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Monday, September 30, 2019

Incremental Innovation: Changing Who Decides

Photo by Raquel Martínez on Unsplash
Not all innovation is a revolution. As I have said many times, incremental innovation is a valid and useful element of an organization's overall innovation strategy. Sometimes a tried-and-true program simply needs some creative tweaks to get a lease on life.

I want to focus on one of these incremental tweaks today. A friend of mine just shared a Vox article on LinkedIn that was focused on a change World Vision recently made to their child sponsorship approach. World Vision is not getting rid of child sponsorship for some completely new approach. They are simply making a tweak. Here's how Vox describes it, "Under their new model, announced last week, people who’d like to sponsor a child take pictures of themselves. The pictures are then presented to children at a community-wide event, and the children select the people they want as a sponsor."

What happened here? By changing who decides on the connection, World Vision has changed the experience. Now donors submit photos and hope to be selected and children in communities around the globe look at various donors and decide who they want to be connected with. It is a small change, but it will have big consequences.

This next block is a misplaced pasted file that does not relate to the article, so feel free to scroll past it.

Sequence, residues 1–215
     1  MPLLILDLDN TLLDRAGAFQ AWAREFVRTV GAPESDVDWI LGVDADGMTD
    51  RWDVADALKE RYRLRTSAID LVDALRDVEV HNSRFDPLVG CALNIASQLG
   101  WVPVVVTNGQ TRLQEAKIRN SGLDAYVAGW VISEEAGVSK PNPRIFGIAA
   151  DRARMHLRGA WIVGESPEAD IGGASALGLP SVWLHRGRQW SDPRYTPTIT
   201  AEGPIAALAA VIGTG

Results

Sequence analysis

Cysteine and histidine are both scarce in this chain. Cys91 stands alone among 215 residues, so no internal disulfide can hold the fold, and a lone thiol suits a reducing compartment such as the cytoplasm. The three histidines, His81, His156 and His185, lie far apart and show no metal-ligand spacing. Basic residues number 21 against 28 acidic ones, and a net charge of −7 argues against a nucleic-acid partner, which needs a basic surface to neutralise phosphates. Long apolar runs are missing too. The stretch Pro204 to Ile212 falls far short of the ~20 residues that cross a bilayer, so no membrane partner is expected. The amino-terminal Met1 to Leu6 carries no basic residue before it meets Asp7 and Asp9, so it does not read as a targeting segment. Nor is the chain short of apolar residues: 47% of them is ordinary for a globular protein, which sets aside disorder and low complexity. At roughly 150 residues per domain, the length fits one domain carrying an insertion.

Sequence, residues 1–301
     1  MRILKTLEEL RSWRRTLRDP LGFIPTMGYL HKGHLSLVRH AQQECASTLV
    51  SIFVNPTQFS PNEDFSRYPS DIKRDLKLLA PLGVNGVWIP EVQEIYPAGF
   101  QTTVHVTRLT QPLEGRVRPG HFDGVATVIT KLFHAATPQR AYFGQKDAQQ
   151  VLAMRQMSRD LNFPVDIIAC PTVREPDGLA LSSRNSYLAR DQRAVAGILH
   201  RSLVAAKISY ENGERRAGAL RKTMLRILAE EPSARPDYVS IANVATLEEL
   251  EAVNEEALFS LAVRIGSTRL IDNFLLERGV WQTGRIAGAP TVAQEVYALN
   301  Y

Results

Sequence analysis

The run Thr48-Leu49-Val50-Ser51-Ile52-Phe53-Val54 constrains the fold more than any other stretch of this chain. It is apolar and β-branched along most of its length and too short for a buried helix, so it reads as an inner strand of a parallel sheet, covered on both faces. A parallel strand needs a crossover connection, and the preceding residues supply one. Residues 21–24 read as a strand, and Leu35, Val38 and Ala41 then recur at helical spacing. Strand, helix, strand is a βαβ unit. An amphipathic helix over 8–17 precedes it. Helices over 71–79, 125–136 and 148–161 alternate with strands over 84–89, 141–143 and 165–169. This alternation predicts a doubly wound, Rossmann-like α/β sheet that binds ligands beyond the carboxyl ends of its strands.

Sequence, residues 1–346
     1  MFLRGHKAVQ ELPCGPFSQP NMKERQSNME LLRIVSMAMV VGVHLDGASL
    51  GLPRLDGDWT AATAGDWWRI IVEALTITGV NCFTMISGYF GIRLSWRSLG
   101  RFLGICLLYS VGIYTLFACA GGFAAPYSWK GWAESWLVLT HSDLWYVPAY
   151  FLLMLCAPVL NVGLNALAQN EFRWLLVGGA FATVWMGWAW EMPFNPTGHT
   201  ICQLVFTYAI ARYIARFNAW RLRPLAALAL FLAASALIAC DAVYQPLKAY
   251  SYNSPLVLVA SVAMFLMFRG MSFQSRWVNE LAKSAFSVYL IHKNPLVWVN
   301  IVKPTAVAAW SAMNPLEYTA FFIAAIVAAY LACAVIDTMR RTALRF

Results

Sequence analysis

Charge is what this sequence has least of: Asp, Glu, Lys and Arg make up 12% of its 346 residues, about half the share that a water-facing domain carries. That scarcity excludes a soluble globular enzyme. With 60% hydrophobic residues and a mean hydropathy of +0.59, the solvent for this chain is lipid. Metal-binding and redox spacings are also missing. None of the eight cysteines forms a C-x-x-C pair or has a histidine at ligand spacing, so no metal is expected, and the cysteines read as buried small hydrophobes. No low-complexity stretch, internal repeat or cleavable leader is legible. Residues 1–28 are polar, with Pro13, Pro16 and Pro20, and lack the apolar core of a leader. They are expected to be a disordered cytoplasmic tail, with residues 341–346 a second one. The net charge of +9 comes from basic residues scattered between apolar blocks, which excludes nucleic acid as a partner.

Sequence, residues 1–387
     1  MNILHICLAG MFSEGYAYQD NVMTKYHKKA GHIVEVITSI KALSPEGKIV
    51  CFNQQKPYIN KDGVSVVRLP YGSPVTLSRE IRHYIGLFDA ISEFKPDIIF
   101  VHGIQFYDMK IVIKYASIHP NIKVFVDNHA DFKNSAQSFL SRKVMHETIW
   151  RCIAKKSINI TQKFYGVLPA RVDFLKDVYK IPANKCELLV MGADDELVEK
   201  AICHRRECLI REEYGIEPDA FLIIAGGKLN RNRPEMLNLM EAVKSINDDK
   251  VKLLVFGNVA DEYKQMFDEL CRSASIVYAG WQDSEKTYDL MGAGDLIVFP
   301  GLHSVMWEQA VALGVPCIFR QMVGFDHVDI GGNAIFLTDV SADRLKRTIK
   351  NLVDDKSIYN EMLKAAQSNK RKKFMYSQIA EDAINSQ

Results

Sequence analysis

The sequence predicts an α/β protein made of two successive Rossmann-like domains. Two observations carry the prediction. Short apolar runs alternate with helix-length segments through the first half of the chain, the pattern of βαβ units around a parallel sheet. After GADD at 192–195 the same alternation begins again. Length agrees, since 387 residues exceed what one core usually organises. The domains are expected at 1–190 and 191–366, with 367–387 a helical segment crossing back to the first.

With any incremental innovation you have to look at the pros and cons of the "tweak" and decide if it will be a net positive for the program or a negative. In this case, let's go through the exercise. One the positive side, you are affirming childhood agency and allowing children in traditionally powerless situations to have some choice in who they are associated with. The child gets to think through "where they support comes from" at a level that allows them to better understand what they are accepting and from whom. 

On the negative side, this tweak is introducing a consumer approach to generosity to a child who may have never thought about love and kindness through the lens of a marketplace of options. Instead of the child being able to accept the gift and enjoy the benefits, now we are asking them to pick between generous and loving people as if they could possibly know which one might be better. How could they possibly make a meaningful choice in that situation? 

As you can see, this small tweak to an existing philanthropy model has big implications on the donor, recipient and organization. We need to recognize the power of incremental innovation and approach it with care and intentionality. 

What do you think of World Vision's new approach to child sponsorship? I would love to hear your perspectives on this incremental change they have made. 

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